On Colorado’s Roan Plateau, Trout Unlimited first opposed oil and gas leasing and eventually participated in litigation that successfully blocked development in sensitive Colorado River cutthroat trout habitat. We then spent two years negotiating a settlement that, in 2016, resulted in a Bureau of Land Management (BLM) plan that will guide management for the next 20 years. The BLM plan closes most of the top of the Roan Plateau to oil and gas leasing, including the Trapper and Northwater Creek watersheds, areas that encompass the best native cutthroat trout habitat on the Roan. The plan also provides additional protections for approved leasing areas.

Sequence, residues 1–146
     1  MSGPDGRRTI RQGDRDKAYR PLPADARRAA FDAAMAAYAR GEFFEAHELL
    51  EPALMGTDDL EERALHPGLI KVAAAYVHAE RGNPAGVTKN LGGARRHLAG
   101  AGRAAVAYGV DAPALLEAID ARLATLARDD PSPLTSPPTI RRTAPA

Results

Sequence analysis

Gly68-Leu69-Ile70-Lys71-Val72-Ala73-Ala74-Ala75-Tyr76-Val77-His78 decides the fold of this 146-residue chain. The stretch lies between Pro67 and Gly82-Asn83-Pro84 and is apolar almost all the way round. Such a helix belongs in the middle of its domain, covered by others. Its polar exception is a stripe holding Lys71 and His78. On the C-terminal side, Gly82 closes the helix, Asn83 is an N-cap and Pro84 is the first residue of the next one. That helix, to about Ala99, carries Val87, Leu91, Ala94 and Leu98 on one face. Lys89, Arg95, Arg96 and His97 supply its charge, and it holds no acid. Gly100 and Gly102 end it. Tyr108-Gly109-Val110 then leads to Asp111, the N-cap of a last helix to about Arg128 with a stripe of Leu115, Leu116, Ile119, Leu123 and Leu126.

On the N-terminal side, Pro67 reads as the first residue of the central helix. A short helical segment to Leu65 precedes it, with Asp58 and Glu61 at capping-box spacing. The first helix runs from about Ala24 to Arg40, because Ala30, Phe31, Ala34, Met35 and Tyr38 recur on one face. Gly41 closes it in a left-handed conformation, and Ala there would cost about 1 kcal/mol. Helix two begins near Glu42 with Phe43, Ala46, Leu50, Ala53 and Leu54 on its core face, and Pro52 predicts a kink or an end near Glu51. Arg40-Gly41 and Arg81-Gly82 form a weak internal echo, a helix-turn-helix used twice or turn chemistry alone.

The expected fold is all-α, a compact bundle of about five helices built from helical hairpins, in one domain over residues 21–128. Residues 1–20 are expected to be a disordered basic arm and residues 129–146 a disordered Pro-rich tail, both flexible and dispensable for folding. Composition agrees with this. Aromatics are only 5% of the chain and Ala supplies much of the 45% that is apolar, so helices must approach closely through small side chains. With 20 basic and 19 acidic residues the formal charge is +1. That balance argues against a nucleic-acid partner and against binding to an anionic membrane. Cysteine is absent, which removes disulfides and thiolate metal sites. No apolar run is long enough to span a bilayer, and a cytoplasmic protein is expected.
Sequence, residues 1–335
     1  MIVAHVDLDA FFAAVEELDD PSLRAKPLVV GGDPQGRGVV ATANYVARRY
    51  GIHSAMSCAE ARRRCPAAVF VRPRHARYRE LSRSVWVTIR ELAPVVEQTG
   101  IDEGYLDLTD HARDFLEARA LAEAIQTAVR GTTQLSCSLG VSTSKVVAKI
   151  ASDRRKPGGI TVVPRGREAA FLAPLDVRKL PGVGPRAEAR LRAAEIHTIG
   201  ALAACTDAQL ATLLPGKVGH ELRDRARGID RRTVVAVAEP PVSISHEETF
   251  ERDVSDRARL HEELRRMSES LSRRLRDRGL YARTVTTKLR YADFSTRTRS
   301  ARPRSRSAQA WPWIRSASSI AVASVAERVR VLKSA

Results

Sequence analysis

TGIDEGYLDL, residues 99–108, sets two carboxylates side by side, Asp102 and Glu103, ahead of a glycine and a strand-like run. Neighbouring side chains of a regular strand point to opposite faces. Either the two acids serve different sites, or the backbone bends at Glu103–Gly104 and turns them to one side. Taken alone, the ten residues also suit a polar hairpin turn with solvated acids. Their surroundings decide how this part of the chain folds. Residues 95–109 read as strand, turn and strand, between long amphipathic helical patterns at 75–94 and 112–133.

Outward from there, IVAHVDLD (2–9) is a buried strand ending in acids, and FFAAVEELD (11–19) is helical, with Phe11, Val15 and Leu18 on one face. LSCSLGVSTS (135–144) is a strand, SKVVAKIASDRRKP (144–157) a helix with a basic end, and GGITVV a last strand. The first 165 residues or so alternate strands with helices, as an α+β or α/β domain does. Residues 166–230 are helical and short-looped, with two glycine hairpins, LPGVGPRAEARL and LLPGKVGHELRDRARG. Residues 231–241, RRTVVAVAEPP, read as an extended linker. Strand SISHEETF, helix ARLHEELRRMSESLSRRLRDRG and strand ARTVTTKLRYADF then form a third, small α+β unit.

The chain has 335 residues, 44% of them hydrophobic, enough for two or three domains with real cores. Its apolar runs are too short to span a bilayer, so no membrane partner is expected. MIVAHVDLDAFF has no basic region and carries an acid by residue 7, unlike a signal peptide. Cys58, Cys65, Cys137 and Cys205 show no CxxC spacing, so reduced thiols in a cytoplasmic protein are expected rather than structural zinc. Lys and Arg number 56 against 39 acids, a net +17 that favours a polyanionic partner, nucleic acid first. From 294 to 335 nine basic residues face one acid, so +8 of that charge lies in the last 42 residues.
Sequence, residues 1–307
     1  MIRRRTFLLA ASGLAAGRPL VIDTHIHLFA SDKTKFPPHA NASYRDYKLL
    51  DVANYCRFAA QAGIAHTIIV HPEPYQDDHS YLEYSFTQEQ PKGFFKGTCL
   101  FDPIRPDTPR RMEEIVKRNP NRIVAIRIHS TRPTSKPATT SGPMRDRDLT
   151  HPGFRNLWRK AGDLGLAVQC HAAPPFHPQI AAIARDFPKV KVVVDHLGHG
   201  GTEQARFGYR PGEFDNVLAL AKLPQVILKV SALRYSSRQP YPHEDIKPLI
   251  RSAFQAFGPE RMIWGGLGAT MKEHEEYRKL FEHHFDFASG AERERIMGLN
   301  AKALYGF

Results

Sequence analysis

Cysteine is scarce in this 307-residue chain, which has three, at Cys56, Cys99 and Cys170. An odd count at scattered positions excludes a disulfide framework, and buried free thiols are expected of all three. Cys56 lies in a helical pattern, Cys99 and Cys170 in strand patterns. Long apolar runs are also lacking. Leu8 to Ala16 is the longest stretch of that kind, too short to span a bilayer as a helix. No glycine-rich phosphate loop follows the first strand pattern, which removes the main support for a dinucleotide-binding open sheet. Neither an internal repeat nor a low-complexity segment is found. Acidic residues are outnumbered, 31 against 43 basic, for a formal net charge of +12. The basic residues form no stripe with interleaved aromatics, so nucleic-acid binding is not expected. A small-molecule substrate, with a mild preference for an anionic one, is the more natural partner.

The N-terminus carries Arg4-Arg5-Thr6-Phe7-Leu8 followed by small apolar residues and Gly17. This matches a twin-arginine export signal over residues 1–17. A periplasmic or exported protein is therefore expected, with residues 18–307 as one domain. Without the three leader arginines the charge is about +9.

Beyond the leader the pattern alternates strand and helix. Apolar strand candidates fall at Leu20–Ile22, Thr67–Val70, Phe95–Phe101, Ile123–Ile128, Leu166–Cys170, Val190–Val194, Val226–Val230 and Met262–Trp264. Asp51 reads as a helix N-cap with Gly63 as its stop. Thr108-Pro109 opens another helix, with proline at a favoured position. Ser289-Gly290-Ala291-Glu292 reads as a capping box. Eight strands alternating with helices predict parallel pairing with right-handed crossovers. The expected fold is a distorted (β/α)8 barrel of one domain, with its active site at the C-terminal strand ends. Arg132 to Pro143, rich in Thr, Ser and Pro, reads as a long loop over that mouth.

“…some natural areas of the Roan are too special and valuable to drill, while other areas can be responsibly developed to help meet our energy needs.”
–David Nickum, Colorado Trout Unlimited Executive Director
Delaware River Basin
Most recently, Trout Unlimited has supported the Delaware River Basin Commission’s rulemaking process to place the watershed off limits to hydraulic fracturing, protecting the wild trout fishery below the dams on the Upper Delaware River.
George Washington-Jefferson National Forest
In Virginia, Trout Unlimited advocated the protection of coldwater habitat in the George Washington-Jefferson National Forest, which supports 60 percent of the state’s native brook trout streams. This led the Forest Service to halt future energy leasing, effectively preventing development in more than 80 percent of the forest.
Maryland’s Savage River watershed
To protect Maryland’s Savage River watershed, Trout Unlimited secured protections from energy development in the state’s most intact brook trout watershed.